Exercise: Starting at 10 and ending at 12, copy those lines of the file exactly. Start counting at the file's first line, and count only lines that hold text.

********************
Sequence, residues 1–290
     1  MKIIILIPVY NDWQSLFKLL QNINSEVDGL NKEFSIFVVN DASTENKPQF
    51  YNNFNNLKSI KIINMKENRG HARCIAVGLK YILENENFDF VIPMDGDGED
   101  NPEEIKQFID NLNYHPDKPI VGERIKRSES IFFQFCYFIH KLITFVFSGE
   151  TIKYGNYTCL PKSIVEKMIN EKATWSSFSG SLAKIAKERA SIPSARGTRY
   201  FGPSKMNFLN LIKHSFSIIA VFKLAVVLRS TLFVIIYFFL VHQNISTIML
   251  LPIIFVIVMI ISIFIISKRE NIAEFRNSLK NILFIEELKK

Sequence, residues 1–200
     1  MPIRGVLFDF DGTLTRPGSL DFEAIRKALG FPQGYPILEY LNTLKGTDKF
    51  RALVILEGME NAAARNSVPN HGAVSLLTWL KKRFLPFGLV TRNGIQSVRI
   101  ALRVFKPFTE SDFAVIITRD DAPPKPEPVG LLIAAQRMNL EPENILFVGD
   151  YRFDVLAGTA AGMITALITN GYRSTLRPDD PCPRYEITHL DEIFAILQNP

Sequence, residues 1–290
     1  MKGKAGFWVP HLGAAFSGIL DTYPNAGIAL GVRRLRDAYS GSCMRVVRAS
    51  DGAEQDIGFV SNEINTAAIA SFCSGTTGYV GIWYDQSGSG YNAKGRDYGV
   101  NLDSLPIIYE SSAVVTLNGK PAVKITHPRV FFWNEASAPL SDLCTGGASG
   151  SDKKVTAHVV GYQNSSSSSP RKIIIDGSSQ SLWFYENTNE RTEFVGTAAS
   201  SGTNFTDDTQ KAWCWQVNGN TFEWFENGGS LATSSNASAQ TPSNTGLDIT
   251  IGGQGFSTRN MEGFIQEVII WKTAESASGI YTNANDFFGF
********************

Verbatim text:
    51  RALVILEGME NAAARNSVPN HGAVSLLTWL KKRFLPFGLV TRNGIQSVRI
   101  ALRVFKPFTE SDFAVIITRD DAPPKPEPVG LLIAAQRMNL EPENILFVGD
   151  YRFDVLAGTA AGMITALITN GYRSTLRPDD PCPRYEITHL DEIFAILQNP